The ectoparasites were removed from different sites on the body of the birds.

Menopon gallinae and Goniodes sp. from the head, neck and body, C. columbae from quill feathers of the wings and tail, P. canariensis from the down and contour feathers of the skin and Dermanyssus gallinae from the body and legs (Table 1).

The birds had higher prevalence of double infestation 95 (39.6%) compared with single 74 (30.8%), triple 7 (2.9%) and quadruple 1(0.42), whilst 63 (26.2%) of the birds were uninfested (Table 2). The difference in the prevalence of single and mixed infestations was not significant (p>0.05).

Ninety three (73.2%) of males were infested compared to 84 (74.2%) of females. The male and female birds had five ectoparasite species each (Table 3, 4) and the Chi square test revealed insignificant difference (p>0.05) in the prevalence of infestation between male and female birds.

Ectoparasites were collected through out the year with highest prevalence (95%) in August (Table 5).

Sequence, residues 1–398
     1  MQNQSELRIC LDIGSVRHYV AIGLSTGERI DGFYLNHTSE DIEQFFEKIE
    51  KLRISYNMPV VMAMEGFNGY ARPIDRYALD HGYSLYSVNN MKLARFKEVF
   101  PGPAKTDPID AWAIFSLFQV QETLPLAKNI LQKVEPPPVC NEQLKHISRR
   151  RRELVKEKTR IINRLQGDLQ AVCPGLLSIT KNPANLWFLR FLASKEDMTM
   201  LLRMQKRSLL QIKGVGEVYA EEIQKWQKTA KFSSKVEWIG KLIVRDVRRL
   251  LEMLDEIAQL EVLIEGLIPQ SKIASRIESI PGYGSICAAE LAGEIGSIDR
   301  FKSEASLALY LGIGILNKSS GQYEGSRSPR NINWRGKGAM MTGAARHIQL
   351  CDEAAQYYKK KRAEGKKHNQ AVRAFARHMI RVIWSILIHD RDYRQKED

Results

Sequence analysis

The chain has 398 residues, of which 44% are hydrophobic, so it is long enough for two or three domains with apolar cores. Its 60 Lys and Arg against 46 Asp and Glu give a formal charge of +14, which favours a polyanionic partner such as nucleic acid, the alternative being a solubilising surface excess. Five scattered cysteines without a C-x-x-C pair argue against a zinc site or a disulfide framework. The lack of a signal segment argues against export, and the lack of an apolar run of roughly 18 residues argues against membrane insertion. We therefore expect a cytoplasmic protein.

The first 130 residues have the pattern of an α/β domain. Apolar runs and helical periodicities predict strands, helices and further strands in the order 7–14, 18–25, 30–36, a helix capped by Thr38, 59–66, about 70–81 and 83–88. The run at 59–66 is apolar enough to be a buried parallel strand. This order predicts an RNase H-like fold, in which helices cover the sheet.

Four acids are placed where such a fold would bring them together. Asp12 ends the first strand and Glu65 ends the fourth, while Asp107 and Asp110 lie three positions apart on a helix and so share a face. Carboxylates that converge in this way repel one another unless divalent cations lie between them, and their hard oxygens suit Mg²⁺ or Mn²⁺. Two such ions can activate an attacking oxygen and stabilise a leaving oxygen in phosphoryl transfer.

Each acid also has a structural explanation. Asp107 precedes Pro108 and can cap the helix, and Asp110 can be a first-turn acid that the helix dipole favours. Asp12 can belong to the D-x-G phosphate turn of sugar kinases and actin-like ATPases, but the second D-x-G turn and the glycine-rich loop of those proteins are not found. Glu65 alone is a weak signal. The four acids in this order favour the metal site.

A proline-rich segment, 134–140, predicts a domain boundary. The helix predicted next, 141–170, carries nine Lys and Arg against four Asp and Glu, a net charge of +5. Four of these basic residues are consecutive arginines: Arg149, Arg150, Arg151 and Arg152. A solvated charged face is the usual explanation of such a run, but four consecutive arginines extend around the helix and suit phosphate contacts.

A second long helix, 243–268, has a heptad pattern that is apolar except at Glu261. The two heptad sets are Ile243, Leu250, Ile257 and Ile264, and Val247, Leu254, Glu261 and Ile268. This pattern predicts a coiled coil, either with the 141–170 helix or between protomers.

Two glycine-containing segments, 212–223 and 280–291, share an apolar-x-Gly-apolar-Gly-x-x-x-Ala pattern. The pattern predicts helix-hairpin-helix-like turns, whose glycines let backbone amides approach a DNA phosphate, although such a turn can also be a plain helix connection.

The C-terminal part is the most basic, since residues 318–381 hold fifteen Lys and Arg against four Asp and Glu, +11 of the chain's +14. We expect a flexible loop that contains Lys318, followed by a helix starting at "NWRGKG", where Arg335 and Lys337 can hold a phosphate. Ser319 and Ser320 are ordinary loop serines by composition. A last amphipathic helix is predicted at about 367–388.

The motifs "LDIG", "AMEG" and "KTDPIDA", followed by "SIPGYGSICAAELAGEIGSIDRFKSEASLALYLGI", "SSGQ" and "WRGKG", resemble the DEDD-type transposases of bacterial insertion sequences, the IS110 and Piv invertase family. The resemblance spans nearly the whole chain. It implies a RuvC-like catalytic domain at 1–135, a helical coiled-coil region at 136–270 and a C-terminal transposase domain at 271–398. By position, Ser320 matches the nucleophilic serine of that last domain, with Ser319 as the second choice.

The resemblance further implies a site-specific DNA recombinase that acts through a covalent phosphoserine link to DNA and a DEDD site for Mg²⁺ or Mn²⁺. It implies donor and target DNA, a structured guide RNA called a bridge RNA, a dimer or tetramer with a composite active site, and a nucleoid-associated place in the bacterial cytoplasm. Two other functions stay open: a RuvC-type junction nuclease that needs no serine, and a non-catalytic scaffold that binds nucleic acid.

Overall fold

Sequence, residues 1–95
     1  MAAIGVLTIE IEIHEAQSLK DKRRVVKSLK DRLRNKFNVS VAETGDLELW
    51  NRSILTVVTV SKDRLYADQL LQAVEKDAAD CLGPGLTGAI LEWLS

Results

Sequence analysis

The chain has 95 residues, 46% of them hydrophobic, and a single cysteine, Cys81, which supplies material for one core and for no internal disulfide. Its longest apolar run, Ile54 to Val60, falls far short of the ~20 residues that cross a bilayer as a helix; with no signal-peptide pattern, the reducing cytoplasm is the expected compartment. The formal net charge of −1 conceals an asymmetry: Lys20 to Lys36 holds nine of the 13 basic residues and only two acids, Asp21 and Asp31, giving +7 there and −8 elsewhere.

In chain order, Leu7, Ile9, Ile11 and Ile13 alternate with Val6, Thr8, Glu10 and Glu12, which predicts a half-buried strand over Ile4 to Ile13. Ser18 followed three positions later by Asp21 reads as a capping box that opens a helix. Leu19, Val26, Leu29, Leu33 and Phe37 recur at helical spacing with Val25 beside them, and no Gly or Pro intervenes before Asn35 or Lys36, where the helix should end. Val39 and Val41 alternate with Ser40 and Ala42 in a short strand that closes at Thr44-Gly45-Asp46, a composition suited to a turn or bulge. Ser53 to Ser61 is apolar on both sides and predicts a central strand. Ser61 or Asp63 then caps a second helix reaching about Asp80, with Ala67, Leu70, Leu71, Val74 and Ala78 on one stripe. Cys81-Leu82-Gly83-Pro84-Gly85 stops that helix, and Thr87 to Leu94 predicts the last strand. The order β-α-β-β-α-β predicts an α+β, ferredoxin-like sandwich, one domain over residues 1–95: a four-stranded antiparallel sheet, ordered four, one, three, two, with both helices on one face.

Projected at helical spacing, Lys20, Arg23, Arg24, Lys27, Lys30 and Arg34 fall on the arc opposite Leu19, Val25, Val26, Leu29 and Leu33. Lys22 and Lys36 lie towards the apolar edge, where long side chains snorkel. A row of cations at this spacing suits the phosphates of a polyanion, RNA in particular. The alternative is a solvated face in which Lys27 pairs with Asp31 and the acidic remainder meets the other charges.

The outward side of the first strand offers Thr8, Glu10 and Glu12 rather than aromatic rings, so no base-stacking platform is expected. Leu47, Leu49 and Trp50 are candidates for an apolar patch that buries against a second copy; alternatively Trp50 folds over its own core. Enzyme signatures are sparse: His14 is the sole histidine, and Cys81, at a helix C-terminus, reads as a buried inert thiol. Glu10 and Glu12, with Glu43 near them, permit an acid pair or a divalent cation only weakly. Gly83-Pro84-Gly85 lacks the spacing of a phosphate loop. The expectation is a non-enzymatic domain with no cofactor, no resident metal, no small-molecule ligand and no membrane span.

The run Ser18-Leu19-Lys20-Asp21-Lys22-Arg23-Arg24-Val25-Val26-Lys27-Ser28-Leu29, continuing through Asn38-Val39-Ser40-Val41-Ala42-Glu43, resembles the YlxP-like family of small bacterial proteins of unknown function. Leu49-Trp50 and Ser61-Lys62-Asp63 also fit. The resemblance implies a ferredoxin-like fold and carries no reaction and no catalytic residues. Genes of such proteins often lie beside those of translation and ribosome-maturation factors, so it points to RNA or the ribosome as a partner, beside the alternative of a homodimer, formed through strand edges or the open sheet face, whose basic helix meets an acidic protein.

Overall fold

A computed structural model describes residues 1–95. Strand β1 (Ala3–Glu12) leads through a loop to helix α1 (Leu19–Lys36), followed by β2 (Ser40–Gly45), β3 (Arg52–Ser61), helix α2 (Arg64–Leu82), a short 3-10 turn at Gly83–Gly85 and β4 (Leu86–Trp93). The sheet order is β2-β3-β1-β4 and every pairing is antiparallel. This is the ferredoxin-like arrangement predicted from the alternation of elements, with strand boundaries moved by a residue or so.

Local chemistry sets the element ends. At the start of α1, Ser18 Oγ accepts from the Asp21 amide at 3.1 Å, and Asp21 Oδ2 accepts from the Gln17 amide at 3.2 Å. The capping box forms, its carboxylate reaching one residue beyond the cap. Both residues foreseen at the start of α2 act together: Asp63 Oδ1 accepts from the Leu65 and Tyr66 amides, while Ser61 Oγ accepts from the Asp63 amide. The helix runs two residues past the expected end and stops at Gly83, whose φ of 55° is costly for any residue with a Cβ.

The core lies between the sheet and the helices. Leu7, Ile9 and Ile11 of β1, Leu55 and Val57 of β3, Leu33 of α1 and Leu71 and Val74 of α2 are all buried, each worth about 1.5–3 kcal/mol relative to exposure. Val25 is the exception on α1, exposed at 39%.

Table 1: Prevalence and predilection sites of ectoparasites of Columba livia domestica in Zaria, Nigeria

Table 2: Frequency distribution of single and mixed ectoparasite infestations on Columba livia domestica in Zaria, Nigeria

Table 3: Prevalence of ectoparasites on male Columba livia domestica in Zaria, Nigeria (n = 127)

Columbicola columbae and Pseudolynchia canariensis were the most prevalent ectoparasites. They were found throughout the year although the highest prevalence of 95 and 60%, respectively occurred in August. The other ectoparasites, Dermanyssus gallinae, Menopon gallinae and Goniodes sp. were found in April, June and July, respectively (Table 5).

Table 4: Prevalence of ectoparasites on female Columba livia domestica in Zaria, Nigeria (n = 113)

Table 5: Total monthly prevalence of ectoparasites on Columba livia domestica in Zaria, Nigeria, from March 2002 to February 2003

DISCUSSION